'Dead Island 2' Review: Simple, Concise Zombie Busting

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Before I started my expedition through HELL-A, my cynicism was at an all-time high. A game that has been through development hell since 2014 surely can't be anything more than a disheveled final product akin to one of Dead Island's shambling walkers, right? To my pleasant surprise, Dead Island 2 kept me fully absorbed in its amusing trek through a version of Los Angeles and San Francisco wrecked by the zombie apocalypse. While I was still shocked by the presence of technical bugs and glitches here and there, the majority of my time spent with this zombie-bashing simulator was a pleasurable one. Welcome to my Dead Island 2 review.

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'Dead Island 2' Review

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So let's get the obvious out of the way first - Los Angeles and San Francisco are not considered islands whatsoever. Never mind that geographical error, however - exploring the sunnyside locales of both hub areas ends up being a highly engrossing undertaking. Like the first Dead Island, players will be tasked with navigating large sections of the game's vast open world. Moving to another area doesn't feel extremely overwhelming since each area is sectioned off from each other and sizable enough to give you its own litany of side missions and collectibles to go out of your way to discover. I agree with the sentiment that not every game needs to be a massive open-world endeavor - Dead Island 2 avoids that error since it makes the simple task of exploring less of a chore and more of a rewarding activity thanks to the implementation of interconnected hubs.

HELL-A is a lot more varied than one might think - you'll run across beachside hangouts, boardwalk carnivals, sewers, military bases, etc. It's pretty fun when you make your way through those areas in the daytime and are treated to the shockingly impressive visual splendor on display - simply put, Dead Island 2 looks pretty damn good. You'll have an even better time traversing each section of the game once the sun goes down - you'll feel a bit tense as you bump into special zombie types that you'll hear go bump in the night before you encounter them face-to-face. The sounds that come from the blood-curdling cries of "Screamers" and the bone-crunching swings of your sledgehammer against zombies' heads are highly commendable. From a graphical and audio standpoint, Dead Island 2 shines.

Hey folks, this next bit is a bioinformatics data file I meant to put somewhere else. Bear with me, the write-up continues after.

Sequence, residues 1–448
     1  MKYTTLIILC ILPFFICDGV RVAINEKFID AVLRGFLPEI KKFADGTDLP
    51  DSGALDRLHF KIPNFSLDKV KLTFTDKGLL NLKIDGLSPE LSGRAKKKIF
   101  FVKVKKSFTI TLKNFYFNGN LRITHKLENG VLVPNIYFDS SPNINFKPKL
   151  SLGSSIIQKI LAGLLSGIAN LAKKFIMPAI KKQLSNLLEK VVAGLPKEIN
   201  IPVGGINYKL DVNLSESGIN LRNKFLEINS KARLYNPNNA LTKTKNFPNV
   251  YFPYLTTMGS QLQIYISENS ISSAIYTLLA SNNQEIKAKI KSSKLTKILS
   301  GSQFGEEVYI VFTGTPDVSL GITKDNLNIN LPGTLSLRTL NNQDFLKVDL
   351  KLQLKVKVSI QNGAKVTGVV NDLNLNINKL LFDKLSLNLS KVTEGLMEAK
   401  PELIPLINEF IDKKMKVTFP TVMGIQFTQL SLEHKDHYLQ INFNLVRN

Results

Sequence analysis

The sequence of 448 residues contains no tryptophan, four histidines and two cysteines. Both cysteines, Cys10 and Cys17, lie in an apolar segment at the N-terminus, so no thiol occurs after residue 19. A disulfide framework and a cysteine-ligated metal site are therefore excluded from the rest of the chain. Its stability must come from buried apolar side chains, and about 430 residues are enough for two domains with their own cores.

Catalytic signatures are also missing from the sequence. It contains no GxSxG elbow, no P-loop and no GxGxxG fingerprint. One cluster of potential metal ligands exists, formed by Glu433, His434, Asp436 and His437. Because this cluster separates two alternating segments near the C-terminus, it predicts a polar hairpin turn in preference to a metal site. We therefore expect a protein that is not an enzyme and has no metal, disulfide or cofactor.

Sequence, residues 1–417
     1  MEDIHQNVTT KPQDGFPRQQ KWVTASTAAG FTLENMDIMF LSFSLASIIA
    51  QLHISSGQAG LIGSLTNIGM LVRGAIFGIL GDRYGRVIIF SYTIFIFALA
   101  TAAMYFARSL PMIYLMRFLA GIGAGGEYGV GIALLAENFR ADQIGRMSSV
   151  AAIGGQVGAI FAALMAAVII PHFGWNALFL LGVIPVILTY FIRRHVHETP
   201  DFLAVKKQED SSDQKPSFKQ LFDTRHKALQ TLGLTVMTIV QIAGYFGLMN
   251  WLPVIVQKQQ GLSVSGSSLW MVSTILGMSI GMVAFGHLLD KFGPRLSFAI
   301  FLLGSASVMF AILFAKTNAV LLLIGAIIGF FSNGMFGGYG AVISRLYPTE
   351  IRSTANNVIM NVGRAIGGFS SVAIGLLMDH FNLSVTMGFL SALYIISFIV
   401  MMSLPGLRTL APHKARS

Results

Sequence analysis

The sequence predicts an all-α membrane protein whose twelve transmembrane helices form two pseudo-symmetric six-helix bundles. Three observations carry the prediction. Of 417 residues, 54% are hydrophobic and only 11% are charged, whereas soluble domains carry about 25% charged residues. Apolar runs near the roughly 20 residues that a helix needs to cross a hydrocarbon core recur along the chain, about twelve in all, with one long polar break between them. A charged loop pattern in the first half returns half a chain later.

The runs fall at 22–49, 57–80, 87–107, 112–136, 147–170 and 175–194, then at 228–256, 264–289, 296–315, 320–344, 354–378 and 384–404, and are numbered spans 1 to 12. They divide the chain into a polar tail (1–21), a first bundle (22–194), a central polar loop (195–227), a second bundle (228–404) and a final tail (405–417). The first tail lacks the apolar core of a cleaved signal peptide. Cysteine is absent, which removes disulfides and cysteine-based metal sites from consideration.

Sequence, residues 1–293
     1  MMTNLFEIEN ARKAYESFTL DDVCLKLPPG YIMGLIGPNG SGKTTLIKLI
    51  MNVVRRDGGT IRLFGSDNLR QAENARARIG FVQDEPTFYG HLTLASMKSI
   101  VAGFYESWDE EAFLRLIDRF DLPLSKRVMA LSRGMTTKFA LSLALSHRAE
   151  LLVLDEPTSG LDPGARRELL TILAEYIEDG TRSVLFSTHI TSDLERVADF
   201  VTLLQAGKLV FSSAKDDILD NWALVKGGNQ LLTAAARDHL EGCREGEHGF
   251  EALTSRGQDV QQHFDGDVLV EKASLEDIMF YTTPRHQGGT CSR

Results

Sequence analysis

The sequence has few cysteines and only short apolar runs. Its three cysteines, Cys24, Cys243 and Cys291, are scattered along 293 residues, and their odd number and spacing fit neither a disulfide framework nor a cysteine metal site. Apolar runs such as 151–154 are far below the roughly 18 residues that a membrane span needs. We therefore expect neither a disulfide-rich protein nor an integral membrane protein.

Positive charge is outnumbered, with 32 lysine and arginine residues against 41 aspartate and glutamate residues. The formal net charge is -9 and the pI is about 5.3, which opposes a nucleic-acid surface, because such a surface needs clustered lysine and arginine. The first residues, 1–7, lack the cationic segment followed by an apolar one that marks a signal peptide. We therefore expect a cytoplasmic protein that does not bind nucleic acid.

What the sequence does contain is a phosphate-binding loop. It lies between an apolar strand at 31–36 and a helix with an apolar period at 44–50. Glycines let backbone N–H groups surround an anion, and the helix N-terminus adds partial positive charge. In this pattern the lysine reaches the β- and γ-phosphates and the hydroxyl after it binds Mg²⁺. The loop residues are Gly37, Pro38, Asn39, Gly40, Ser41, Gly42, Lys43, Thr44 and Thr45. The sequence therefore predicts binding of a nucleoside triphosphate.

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My first trek through HELL-A was with the rocking Englishman who looks just like Lenny Kravitz, Jacob. It's worth noting that each playable "Slayer" comes with their own signature stats, which will play a big part in how you approach combat during subsequent playthroughs. Alongside those special character traits is the inclusion of skill cards that are spread out across the following categories - Abilities, Survivor, Slayer, and Numen. I had a great time playing around with this new mechanic as it introduces powerful maneuvers such as dropkicks and ground pounds that really make a difference during overwhelming zombie standoffs. Unlocking additional skill slots to take advantage of new cards can change up your active and passive abilities in some highly beneficial ways. I especially enjoyed the usage of "Autophage" skills that grant huge attributes but also come with notable negatives. The risk and reward that comes from using those skills add another worthwhile element to the combat mechanics of your post-apocalyptic adventure.